In a statewide election year when both parties are courting Florida’s growing Hispanic vote, the Legislature is debating giving in-state college tuition to young illegal immigrants known as "Dreamers."
Similar efforts have failed in the past decade in Tallahassee. But this year the proposal may have the support of Gov. Rick Scott, who has said he will consider the bill if it also contains a provision he wants, one that is unrelated to immigrants: prohibiting universities from raising tuition above the rate set by the Florida Legislature.
Democrats have portrayed Scott as anti-Hispanic after supporting an Arizona-style immigration law in 2010 and vetoing a bill that would have given Dreamers driver's licenses in 2013. Scott’s campaign also faced accusations by his former campaign finance chairman, Mike Fernandez, that some campaign staffers made fun of Mexican accents. In an April 9 press release, the Florida Democratic Party said the in-state tuition this year is election-year pandering.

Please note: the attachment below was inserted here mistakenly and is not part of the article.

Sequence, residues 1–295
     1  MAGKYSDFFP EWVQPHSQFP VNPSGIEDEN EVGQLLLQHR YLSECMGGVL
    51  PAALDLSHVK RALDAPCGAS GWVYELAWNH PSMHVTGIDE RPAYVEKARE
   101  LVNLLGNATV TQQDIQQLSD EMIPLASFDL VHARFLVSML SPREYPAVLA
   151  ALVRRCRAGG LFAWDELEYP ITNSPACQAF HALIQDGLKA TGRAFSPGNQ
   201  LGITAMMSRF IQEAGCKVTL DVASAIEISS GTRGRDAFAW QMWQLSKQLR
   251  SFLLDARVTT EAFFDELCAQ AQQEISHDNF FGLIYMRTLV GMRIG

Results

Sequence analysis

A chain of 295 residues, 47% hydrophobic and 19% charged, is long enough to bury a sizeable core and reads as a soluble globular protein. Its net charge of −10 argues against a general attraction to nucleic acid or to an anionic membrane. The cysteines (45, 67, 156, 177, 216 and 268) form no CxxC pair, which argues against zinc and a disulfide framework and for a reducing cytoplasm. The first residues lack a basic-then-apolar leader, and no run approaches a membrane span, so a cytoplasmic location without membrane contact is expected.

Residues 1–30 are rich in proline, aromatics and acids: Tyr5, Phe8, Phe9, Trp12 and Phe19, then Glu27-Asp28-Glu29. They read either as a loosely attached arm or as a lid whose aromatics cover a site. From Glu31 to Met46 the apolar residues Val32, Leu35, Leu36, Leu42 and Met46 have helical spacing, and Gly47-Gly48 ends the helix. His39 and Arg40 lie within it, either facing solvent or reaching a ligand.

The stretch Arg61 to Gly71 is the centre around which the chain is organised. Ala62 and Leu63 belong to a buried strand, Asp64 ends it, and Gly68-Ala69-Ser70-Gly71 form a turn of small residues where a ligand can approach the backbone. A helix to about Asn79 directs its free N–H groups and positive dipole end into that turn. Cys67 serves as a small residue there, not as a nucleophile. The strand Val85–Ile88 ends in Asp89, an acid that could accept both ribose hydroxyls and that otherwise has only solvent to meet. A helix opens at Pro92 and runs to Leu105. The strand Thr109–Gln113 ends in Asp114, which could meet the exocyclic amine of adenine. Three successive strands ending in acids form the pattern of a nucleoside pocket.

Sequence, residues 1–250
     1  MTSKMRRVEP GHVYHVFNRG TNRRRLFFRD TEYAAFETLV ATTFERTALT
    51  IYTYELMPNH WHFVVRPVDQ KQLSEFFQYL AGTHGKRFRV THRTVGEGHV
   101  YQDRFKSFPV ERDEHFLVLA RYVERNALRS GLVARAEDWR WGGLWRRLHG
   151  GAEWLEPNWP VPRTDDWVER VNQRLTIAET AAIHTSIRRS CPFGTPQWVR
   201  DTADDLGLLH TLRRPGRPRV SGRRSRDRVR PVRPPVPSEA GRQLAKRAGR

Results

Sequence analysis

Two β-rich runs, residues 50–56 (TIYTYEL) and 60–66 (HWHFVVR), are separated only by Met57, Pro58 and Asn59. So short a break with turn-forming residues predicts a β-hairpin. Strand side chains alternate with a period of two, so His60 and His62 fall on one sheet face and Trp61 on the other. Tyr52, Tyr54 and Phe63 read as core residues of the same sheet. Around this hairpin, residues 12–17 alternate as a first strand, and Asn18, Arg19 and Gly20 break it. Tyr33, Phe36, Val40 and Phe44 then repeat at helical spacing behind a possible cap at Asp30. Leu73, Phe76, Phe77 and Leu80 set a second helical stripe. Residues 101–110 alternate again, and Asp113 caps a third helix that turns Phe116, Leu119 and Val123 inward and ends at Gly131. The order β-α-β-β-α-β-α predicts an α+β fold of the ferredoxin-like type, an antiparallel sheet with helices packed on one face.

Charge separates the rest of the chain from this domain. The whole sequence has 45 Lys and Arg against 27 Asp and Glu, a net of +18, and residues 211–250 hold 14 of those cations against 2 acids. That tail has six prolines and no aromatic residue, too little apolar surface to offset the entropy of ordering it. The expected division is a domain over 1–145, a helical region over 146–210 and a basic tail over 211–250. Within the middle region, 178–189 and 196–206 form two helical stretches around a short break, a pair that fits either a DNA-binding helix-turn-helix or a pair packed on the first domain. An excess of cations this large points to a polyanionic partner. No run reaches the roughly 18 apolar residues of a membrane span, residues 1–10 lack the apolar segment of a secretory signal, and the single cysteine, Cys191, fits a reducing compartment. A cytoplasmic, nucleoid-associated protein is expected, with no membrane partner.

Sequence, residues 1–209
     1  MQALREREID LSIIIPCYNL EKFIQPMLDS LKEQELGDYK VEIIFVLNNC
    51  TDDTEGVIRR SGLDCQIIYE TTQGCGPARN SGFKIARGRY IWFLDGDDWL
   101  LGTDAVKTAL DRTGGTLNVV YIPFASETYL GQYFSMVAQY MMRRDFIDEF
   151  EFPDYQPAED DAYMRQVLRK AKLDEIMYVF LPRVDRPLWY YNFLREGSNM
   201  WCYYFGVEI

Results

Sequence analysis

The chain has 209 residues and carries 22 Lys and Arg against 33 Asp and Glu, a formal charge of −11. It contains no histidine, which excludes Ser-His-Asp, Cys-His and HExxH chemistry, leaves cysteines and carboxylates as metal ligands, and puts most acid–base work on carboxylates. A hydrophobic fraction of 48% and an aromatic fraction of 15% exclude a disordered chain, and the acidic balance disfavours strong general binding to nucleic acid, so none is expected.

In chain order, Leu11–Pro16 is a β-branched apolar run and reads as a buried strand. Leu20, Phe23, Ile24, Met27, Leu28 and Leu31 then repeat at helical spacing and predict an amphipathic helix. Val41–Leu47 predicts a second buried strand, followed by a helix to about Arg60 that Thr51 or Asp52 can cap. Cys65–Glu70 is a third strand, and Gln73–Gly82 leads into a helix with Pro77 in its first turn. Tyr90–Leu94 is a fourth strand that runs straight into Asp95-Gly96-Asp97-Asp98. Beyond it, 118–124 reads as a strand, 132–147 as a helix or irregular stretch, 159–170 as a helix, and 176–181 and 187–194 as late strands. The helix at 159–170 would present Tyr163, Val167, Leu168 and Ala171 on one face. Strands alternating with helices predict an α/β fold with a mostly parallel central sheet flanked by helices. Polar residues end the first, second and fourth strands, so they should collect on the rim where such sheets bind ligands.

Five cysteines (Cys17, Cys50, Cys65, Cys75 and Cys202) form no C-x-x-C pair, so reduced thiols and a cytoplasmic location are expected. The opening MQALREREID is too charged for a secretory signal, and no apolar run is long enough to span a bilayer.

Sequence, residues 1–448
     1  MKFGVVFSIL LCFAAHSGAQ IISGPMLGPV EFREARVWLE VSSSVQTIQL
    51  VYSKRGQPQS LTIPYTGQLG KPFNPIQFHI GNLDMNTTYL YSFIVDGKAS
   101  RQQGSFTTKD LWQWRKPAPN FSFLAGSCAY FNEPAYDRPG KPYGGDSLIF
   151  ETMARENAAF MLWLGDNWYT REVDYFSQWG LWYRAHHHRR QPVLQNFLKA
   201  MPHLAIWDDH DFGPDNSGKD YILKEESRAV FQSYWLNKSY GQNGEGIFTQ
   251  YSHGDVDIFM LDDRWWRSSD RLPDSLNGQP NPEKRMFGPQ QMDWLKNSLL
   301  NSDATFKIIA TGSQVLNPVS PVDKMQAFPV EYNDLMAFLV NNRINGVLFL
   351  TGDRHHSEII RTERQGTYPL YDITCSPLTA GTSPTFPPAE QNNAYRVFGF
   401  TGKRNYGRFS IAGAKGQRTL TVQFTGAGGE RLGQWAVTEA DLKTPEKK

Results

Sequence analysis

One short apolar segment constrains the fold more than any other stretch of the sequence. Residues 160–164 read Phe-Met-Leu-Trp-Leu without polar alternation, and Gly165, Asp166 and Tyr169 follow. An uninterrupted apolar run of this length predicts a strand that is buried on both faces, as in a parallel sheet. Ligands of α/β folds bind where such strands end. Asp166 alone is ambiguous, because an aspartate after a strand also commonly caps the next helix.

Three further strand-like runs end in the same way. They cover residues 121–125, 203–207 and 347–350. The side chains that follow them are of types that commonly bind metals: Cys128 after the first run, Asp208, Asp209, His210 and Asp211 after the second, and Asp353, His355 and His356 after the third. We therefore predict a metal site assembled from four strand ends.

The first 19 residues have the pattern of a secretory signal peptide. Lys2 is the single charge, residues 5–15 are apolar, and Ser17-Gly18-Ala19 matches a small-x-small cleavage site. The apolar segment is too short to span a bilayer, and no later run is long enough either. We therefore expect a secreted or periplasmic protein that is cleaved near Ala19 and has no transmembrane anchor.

The Republican Party of Florida fired back in an email with their own attack against Charlie Crist, the Democratic frontrunner for governor:
"Yesterday, Florida Democrats said it was time to ‘do what is right’ for Florida’s Hispanic community, regarding legislation that is moving through the Senate giving in-state college tuition to children brought to the U.S. illegally by their parents," April 10 the state party stated. "So where does the Florida Democratic Party’s own candidate stand on the issue? In 2006, Charlie Crist opposed in-state tuition for illegal immigrants."
We wanted to check Crist’s position on in-state tuition for illegal immigrants in 2006 -- and in the following years. Turn to PolitiFact for the answers.